Cyber alert: Watch out for suspicious email and text messages
(AUSTIN, Texas – June 17, 2021) Some Texans have received emails and texts claiming to come from the Texas Department of Motor Vehicles (TxDMV). These messages are not from TxDMV. They are sent by cybercriminals attempting to gain access to your private information or to deliver harmful files to your computer. Do not click any links provided in a suspicious email or text message.
We cannot stress enough that TxDMV will never reach out directly via email or text requesting any personal information.
Examples of suspicious text messages:
Example of suspicious email:
If you receive a suspicious text message:
- Do not click on any links.
- Do not reply.
- Block the sender on your phone.
- Delete the text message.
- Report the text message to your cell carrier.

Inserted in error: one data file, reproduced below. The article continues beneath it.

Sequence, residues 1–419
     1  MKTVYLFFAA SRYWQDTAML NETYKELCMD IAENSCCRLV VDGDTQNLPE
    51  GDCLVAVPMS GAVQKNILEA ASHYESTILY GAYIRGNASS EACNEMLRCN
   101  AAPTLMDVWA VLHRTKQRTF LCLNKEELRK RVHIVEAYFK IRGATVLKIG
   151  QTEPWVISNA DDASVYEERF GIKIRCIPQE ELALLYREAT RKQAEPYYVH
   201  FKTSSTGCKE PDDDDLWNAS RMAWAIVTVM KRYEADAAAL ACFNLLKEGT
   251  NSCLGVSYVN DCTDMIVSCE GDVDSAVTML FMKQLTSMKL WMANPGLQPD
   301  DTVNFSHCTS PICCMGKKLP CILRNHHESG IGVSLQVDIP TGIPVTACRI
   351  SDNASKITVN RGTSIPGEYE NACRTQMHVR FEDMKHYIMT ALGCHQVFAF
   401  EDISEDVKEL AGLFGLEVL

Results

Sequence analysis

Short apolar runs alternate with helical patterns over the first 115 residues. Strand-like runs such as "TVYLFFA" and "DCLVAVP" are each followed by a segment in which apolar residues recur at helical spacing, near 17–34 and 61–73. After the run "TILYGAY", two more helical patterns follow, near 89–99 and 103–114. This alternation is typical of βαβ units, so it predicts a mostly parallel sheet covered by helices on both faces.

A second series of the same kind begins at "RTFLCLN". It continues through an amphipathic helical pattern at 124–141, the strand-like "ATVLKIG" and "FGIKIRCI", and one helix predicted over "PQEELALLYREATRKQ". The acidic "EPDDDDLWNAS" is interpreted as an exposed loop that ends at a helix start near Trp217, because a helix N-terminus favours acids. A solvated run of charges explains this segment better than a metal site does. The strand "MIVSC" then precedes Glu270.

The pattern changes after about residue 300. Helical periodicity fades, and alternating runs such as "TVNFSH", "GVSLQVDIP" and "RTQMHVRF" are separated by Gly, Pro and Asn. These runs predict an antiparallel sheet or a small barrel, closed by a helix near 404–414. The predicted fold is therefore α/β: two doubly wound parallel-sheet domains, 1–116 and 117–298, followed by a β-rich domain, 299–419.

If you receive a suspicious email:
- Do not click on any links or open attachments.
- Hover over the link with your mouse to see if it points to a legitimate address.
- Do not reply.
If an email or text message appearing to come from TxDMV seems out of the ordinary or too good to be true, please use good judgment. Contact TxDMV directly if any message seems suspicious.
As always, be safe, be vigilant and exercise caution in your day-to-day communication needs via email or text.
Media Contact: Customer Contact:
(512) 465-1484 1-888-368-4689
The Texas Department of Motor Vehicles registers and titles motor vehicles, licenses motor vehicle dealers, credentials motor carriers, issues oversize/overweight permits, investigates complaints against dealers and motor carriers, and awards grants to law enforcement agencies to reduce vehicle burglaries and thefts. Learn more at www.TxDMV.gov.